More significantly, the fact that the piece functions — although barely — as an actual parking garage merely serves to highlight the more disturbing aspects of the work. Poised on the liminal region between function and non-function, it forges a connection between creator and audience that is interactive and yet singularly hostile. Unlike typical artwork which attempts to create a bond of understanding and insight between artist and viewer, “Ninth and Bryant Parking Garage” seeks to entice and enfold the audience members, only to frustrate and alienate them. It is a self-contained paradox, a connection which seeks only to sever itself.

The location of the installation in a literal urban shopping center brilliantly underscores this contradiction. The dreamlike — or rather, nightmarish — qualities of the work are thrown into sharp relief when one contemplates this juxtaposition. One wishes to accomplish simple tasks of survival or comfort: buying towels, or a coffee maker, or even merely bread and milk. And yet the “parking garage,” a construct ostensibly designed to facilitate these tasks, instead thwarts the participant at every turn, and tasks which should connect one with the warp and weft of one’s life instead become distancing and enervating. The audience participates in the work, even becomes one with it, and yet is entirely at its mercy. It is a vivid, haunting metaphor for modern civilization and its self-negating contradictions.

“Ninth and Bryant Parking Garage” is located off of Ninth Street between Bryant and Brannan, adjacent to Trader Joe’s and Bed Bath and Beyond, in San Francisco. The installation is scheduled for an indefinite run.

Ninth and Bryant Parking Garage: A Review

Blinded With Science: Sex, Sexology, and What Women Really Want: The Blowfish Blog

I have a new piece up on the Blowfish Blog. It’s about recent scientific research into female sexual desire, research showing (among other things) that women’s physical reactions to sexual images don’t tend to line up with our mental reactions (you know, the New York Times article everyone’s talking about)… and the dangers of jumping to conclusions about the “real” reasons for any particular sexual behavior.

It’s called Blinded With Science: Sex, Sexology, and What Women Really Want, and here’s the teaser:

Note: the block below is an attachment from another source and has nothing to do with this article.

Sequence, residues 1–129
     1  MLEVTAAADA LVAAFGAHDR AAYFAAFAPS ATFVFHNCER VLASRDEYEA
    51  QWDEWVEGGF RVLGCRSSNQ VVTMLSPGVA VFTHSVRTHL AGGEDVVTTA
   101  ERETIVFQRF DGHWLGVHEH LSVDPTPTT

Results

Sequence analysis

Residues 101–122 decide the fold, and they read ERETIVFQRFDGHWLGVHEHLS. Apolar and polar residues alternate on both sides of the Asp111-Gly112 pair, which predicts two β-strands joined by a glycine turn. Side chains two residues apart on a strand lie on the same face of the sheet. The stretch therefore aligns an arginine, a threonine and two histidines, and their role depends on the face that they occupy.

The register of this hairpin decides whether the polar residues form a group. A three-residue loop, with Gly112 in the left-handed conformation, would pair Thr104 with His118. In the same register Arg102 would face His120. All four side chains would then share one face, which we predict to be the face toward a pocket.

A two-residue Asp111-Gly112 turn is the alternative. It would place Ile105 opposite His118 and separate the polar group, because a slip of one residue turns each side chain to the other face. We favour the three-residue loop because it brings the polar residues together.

It’s easy to come up with possible explanations for behavior. Especially when it comes to sex. It’s almost like a Rorschach test: in the absence of a truly excellent set of supporting data, the theories people come up with to explain sex tells you more about the theorizers than they do about the theories.

To read more, read the rest of the piece. Enjoy!

Oh, and a small favor: If you comment on this piece here, could you also cross-post your comment on the piece itself on the Blowfish Blog? They like comments there, too. Thanks!

Blinded With Science: Sex, Sexology, and What Women Really Want: The Blowfish Blog

First Lines

Game time!

There’s a game some book readers play: I heard about it many years ago, and have been playing it ever since. It’s called First Lines (or at least I call it that), and it’s pretty simple:

Find a first sentence of a book that is not only a great first sentence, but that neatly and beautifully sums up the essence of the entire rest of the book.

The classic example, of course, is possibly the best- loved first sentence in all of English literature. And it is from what’s probably my favorite book. So of course I have to include it:

Pride and prejudice
“It is a truth universally acknowledged, that a single man in possession of a good fortune, must be in want of a wife.”

But I also have a strong fondness for this one, which both immediately sucks you into reading the rest of the story and sums up the essence of that story:

Fear and loathing in las vegas
“We were somewhere outside Barstow on the edge of the desert when the drugs began to take hold.”

And I have to give a shout-out to this one — hey, credit where credit is due:

“In the beginning God created the heavens and the earth.”

Hey, it’s nicely written. And you have to admit — it does sum up the rest of the book.

So now it’s your turn. What are your First Line favorites? And why?

First Lines